I drank this as a 50/50 soy milk/water latte and think chais are best steeped with milk. I liked this with milk a lot more than plain (plain I gave it a 38/100 rating before). It isn’t the best chai I have had, and the metallic licorice is really weird in it. Fennel, coriander, and anise are better chai ingredients IMO. I still have about 2 cups left, but I’m going to use it all up at once I think. It isn’t bad, and I’d drink it again if it was offered to me, but I wouldn’t buy it again. I don’t like that almost smokey base used in this blend, it adds nothing for a chai blend.
Flavors: Cinnamon, Licorice, Metallic, Mineral, Smoke, Spices, Sweet
Green apple, a nice green base (for short steeps only-will get very astringent and bitter if you brew for 3+ minutes). Slightly creamy, fruity, natural sweetness in the base. It makes a nice coldbrew if you can get the timing correct. I found more than once I ended up getting a lot of astringency before the majority of the flavour had steeped out of the leaves.
Flavors: Fruity, Green, Green Apple, Sweet, Vegetal
I seem to be having a good tea day. All of my cups have been fantastic so far.
I drank this as a latte, so I used a bit more leaf than I normally would (2 tsp). With the soy milk is is super creamy, smooth, and decadent. The richness is mostly the spices (nutmeg) in the tea, but soy milk is relatively thick and makes the tea richer. I don’t know if there is quite enough nutmeg for me (perhaps a sprinkle of nutmeg dust on top next time) but I do enjoy this blend.
Flavors: Cinnamon, Cream, Green, Nutmeg, Spices, Sweet
When I steeped this up, I expected exactly the same thing as what DTs delivers, or used to deliver. And nope. I don’t know how much of this is due to whatever is going on with my tastebuds and this flu-like thing that I have developed. I am not getting that beautiful tart berry thing accompanied by a bit of creaminess, but rather a kind of generic red herbal. It’s ok, but very whatever.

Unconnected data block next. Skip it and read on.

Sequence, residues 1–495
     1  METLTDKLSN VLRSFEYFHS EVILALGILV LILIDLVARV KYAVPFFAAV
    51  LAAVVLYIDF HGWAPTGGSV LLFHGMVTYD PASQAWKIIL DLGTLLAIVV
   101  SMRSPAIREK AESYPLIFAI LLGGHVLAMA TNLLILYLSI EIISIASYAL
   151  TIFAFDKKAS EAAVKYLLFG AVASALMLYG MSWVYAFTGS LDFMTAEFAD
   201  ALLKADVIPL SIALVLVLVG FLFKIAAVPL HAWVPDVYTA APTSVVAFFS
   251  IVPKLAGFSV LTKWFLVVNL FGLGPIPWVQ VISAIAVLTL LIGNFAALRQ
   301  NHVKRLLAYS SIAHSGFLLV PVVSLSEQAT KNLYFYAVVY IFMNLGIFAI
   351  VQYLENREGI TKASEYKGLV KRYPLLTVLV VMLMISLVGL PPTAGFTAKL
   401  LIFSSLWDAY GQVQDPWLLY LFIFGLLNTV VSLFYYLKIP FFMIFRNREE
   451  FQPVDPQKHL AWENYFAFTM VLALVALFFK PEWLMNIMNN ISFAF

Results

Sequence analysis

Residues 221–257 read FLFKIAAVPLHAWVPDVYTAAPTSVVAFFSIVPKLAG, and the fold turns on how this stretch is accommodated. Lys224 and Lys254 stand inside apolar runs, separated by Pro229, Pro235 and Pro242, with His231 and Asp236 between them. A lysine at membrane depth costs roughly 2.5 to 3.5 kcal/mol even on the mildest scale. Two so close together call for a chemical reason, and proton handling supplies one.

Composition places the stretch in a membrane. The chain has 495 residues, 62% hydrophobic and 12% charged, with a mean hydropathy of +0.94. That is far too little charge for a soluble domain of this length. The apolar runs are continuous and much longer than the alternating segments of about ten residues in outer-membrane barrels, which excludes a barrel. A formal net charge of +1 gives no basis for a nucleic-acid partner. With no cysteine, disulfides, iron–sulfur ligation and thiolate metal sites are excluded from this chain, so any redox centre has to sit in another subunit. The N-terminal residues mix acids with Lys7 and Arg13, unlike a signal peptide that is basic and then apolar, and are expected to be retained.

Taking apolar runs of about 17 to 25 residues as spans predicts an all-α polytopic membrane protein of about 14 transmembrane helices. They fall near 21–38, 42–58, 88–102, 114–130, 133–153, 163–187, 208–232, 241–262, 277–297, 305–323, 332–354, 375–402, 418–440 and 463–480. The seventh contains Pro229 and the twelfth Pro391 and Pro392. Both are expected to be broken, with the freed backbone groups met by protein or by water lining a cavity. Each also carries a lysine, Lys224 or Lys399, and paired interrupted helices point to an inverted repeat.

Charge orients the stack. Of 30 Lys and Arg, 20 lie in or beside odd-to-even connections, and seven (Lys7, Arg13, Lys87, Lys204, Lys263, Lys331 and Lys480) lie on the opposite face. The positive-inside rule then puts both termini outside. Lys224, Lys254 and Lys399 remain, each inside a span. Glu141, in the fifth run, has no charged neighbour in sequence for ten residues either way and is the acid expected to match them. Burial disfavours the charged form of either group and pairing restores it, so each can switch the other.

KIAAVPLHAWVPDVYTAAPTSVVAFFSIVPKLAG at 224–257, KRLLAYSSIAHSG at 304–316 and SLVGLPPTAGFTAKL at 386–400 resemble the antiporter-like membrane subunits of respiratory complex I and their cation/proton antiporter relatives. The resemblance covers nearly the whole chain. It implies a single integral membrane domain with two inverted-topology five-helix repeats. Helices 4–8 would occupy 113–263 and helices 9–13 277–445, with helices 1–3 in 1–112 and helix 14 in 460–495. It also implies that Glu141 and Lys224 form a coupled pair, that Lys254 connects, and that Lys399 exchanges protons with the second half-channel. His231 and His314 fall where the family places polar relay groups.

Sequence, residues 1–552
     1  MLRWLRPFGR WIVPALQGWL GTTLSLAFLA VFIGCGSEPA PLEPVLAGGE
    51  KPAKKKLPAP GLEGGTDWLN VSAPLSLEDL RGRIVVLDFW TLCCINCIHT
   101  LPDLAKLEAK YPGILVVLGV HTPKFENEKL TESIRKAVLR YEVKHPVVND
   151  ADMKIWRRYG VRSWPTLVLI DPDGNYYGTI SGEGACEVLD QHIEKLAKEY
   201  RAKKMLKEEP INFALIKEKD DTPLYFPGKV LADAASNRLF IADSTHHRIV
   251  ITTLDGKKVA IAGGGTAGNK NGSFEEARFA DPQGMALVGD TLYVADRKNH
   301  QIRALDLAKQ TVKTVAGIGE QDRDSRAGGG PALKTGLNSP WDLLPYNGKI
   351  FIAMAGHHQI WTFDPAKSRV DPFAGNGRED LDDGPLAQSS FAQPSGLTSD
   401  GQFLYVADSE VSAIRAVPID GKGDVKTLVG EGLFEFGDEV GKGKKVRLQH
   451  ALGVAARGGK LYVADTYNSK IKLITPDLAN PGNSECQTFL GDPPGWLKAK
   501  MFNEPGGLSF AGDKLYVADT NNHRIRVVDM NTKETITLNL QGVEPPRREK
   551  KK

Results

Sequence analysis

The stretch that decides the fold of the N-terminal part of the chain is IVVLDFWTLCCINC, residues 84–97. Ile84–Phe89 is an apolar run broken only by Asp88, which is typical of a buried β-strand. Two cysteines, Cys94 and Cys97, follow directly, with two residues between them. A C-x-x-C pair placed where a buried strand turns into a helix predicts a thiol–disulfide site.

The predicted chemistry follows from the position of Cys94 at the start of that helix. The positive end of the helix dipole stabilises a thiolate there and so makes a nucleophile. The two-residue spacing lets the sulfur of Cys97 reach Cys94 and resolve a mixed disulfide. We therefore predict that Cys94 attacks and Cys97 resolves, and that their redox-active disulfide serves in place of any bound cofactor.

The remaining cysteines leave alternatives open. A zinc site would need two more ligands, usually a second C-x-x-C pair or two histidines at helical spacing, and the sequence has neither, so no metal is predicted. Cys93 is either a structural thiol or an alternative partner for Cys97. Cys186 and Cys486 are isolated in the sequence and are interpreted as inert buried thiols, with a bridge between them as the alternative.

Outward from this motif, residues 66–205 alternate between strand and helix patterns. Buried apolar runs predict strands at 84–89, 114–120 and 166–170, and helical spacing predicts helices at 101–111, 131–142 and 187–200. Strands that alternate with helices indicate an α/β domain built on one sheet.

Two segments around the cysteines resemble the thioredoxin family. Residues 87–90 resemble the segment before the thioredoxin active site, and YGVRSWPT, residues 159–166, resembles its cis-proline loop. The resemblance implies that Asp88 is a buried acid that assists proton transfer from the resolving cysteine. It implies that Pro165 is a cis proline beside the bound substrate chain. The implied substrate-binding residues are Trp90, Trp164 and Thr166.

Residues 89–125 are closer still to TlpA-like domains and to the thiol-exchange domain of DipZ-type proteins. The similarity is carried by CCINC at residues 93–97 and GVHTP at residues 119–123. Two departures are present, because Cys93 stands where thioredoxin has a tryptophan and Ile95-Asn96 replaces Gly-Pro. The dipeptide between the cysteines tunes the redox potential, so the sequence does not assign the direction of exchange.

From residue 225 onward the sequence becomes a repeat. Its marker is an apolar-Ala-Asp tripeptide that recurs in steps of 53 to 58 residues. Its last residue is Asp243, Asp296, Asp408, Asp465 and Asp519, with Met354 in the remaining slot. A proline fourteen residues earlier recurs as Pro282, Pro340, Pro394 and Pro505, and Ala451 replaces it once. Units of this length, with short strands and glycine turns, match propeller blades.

Sipdown no. 30 of 2018 (no. 386 total). A sample.
This time, I steeped at 212 for 3 minutes and it was a vast improvement. The rose was more muted than last time (which was fine, because it was too strong last time), and there was more flavor of the underlying tea discernible.
I’d drink this again, but unfortunately, they no longer carry it.
I’m literally having a cup of this right now after months, and I’m happy all over again! It smells and tastes exactly like its namesake – LEMON POUND CAKE! So magical, so nice, I have no complaints. But be sure not to add too much water if you’re using only one heaping teaspoon because then it tastes like nothing but hot water which is no fun lol.
Very fine, delicate, wiry leaves.
Prepared in my Jian Shui gaiwan, and served in my porcelain tea cup via my glass cha hai. Filtered Santa Monica municipal water just off the boil throughout.
Deep bole liquor with copper highlights; faintly floral and flinty aroma; brisk palate entry with hints of raisin and smoke (or nearly-burnt toast); dry almost chalky finish; low, raw, dusty cocoa flavor lingers on, especially with longer steep times (e.g. starting with 40 seconds rather than 15-20).
Refined and potent (caffeine is very present) but this tea has a certain “arid” quality to it so it isn’t one I would turn to for comfort.
I don’t think I’ve ever met a Yunnan I didn’t like. I cracked this one open because I’d forgotten I had it and I seem to be on a bit of a Rishi kick lately.
This one has small, dark (almost black) twisty leaves, with golden ones for highlight and contrast. It smells sweet and bready in the packet.